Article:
27 Facts About Shelby Museum


Shelby Museum American was the first automobile manufacturer in the state of Nevada.

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In 1957 racing driver Carroll Shelby Museum opened a sports car dealership in Dallas, with fellow racer Jim Hall and Hall's older brother Dick, selling Maseratis across the American Southwest.

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Shelby Museum continued sports cars racing in the late 1950s, competed in Formula 1 for Aston Martin in 1958 and 1959, won the 1959 24 Hours of Le Mans and the 1960 USAC Road Racing Championship, but was forced into retirement following the 1960 season due to his persistent angina caused by a congenital heart defect.

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In 1961 Shelby Museum founded the Shelby Museum School of High Performance Driving at Riverside International Raceway near Los Angeles, hiring Pete Brock as a teacher, and obtained a distributorship for Goodyear tires and Champion spark plugs.

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Shelby Museum rented space for these other businesses from Dean Moon, at his shop Santa Fe Springs, California.

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Shelby Museum contacted several European automakers with the purpose of striking a deal to import their chassis and install an American V8, but he was rebuffed until September 1961, when AC Cars of Britain replied in the affirmative.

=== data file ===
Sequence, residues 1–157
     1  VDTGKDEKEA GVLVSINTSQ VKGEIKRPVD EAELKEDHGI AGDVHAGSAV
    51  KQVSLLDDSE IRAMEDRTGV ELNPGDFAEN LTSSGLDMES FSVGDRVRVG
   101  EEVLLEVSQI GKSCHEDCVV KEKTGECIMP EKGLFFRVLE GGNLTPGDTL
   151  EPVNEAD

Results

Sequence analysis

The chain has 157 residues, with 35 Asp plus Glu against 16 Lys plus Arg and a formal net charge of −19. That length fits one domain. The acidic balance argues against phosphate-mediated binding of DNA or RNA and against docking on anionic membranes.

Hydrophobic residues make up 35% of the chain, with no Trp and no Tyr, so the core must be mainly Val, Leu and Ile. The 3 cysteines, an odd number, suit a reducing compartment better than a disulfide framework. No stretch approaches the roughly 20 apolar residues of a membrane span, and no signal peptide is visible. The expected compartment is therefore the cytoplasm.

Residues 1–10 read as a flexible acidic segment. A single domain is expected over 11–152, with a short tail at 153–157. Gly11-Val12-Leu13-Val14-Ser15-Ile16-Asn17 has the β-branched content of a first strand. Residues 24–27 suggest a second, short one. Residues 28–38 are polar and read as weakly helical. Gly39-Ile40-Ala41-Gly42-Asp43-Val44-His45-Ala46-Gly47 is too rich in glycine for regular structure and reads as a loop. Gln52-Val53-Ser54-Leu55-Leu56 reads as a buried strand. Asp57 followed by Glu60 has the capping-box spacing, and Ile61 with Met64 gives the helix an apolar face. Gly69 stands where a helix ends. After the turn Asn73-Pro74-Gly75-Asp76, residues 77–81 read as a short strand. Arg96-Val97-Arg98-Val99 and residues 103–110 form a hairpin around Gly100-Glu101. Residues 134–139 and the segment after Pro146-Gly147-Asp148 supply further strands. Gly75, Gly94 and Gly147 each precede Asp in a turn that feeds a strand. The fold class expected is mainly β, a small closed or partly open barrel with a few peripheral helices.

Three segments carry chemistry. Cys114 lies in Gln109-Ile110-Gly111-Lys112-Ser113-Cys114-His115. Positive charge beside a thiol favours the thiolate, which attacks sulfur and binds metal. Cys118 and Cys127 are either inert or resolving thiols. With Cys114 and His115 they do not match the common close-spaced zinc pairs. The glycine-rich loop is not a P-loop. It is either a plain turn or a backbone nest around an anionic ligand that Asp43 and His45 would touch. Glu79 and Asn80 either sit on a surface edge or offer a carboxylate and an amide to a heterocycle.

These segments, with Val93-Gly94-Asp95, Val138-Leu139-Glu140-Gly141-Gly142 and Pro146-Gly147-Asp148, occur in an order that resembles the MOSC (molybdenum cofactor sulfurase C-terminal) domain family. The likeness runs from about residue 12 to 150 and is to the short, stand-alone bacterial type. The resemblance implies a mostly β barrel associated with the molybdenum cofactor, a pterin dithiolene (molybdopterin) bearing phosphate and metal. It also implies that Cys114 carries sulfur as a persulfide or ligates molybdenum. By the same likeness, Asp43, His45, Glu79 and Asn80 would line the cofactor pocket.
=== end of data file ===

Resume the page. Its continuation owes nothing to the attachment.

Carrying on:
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Shelby Museum returned to GM, asking for a supply of Chevrolet V8s, but was refused again for fear a Chevrolet-powered European sports car would compete with the Corvette.

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Shelby Museum American began racing the Cobra in the fall of 1962 with driver Bill Krause entered into the three-hour endurance race at the Los Angeles Times Grand Prix on October 13.

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Under Shelby Museum's management the GT40 driven by Lloyd Ruby and Ken Miles won the first race of the 1965 season at Daytona, and Miles and Bruce McLaren finished first in the prototype class and second overall at the next race at Sebring, but otherwise the GT40 program was a disappointment overall, failing to finish at Le Mans.

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Shelby Museum ran a separate racing team, "Terlingua Racing", in the 1967 Trans-American Sedan Championship, with Jerry Titus winning the championship driving a GT350.

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The Shelby Museum Racing Company moved from the hangar at LAX to a new office in Torrance, California.

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Carroll Shelby Museum announced he was retiring from the automotive business in January, 1970, and Shelby Museum American and its subsidiaries were essentially defunct.